“It would make sense—a power awakening after hundreds of years because of an incantation, long forgotten. Until there comes along an incredibly observant girl like you,” the man smiled, then became lost in thought again. “Why is it that you can hear these things, anyway?”
Nireth shrugged. “I believe that everything is alive, in some way; I think that most people don’t take the time to listen to what things have to say. Their voices are loud and clear, if you’re listening.”
“Ah!” the man exclaimed. “I never thought of it that way! We always believed that the earth had to be summoned before we could speak to her.”
Nireth blushed, uncomfortable with the foreign nature of her companion’s religion. She didn’t want to say anything sacrilegious or offensive. “Well, I’m not hearing gods or anything, just the stories of life forces.”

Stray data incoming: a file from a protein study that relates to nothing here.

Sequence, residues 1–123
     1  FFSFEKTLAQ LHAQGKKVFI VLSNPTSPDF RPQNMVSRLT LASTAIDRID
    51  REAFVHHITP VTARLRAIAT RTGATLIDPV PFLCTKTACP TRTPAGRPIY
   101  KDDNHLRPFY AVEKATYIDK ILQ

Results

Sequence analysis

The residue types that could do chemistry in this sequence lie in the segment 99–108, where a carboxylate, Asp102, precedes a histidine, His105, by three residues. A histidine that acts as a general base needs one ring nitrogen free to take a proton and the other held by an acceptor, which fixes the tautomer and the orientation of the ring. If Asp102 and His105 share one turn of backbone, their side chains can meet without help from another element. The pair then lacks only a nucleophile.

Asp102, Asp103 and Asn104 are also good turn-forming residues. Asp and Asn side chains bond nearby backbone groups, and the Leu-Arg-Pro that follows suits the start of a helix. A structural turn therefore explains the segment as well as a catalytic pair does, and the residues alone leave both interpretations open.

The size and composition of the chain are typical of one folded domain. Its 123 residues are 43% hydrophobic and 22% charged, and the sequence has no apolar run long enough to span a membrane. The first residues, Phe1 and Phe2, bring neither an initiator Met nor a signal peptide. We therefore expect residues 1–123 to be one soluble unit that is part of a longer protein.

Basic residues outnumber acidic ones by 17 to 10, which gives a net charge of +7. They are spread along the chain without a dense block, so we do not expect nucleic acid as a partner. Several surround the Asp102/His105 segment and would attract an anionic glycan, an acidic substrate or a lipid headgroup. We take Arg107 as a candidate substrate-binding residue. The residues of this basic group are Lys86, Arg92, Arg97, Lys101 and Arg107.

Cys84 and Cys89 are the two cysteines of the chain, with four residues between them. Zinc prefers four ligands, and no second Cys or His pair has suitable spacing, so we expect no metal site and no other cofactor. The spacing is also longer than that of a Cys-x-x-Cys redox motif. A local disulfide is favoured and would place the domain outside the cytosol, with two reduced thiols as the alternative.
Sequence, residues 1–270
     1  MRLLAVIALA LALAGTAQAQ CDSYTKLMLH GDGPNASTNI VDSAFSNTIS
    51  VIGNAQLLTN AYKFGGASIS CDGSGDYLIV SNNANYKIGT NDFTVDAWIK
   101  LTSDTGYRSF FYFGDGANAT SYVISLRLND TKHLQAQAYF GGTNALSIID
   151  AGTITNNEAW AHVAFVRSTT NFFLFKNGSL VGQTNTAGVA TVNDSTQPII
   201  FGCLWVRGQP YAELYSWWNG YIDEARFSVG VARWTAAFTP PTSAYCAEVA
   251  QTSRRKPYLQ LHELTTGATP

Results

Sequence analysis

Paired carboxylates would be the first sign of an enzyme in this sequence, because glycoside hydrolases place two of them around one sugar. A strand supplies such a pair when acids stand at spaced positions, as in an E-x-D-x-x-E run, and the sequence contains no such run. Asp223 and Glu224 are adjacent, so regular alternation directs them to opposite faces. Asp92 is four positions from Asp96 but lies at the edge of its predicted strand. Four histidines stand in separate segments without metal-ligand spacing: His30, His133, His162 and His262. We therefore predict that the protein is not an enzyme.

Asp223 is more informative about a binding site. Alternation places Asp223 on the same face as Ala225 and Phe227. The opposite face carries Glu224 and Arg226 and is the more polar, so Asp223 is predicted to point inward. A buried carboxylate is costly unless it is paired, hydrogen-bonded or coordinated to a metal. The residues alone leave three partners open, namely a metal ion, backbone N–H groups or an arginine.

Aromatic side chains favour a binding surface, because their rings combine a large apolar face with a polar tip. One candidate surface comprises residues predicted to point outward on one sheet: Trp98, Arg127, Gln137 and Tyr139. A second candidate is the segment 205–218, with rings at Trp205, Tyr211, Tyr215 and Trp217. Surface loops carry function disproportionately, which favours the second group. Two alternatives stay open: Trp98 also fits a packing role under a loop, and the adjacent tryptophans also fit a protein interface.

“Still, it is a very interesting concept,” the man observed, “and especially interesting because you thought of it at such a young age. Usually, it takes many years—perhaps even many centuries—to achieve that level of wisdom.”
“Oh, thanks,” Nireth said abashedly. “It’s really not that big of a deal. I just had a lot of time to think as I worked at my chores back home.” Nireth sighed.
“Speaking of chores,” the man dusted off his hands, getting to his feet, “my house could stand some cleaning. I’ll let you stay there for free if you help me keep it nice.”
“Really?” Nireth asked eagerly. She hadn’t even thought about where she would sleep, or what she would eat. “Oh, thank you so much, sir! I must warn you, I’m not the most meticulous type.”
“Many hands make light work,” the man replied, “and, besides, I don’t need meticulous; I just need someone to get the layer of leaves off of my floor. I fear they’ll start decomposing, which is meant to happen over open earth, not on a foundation.”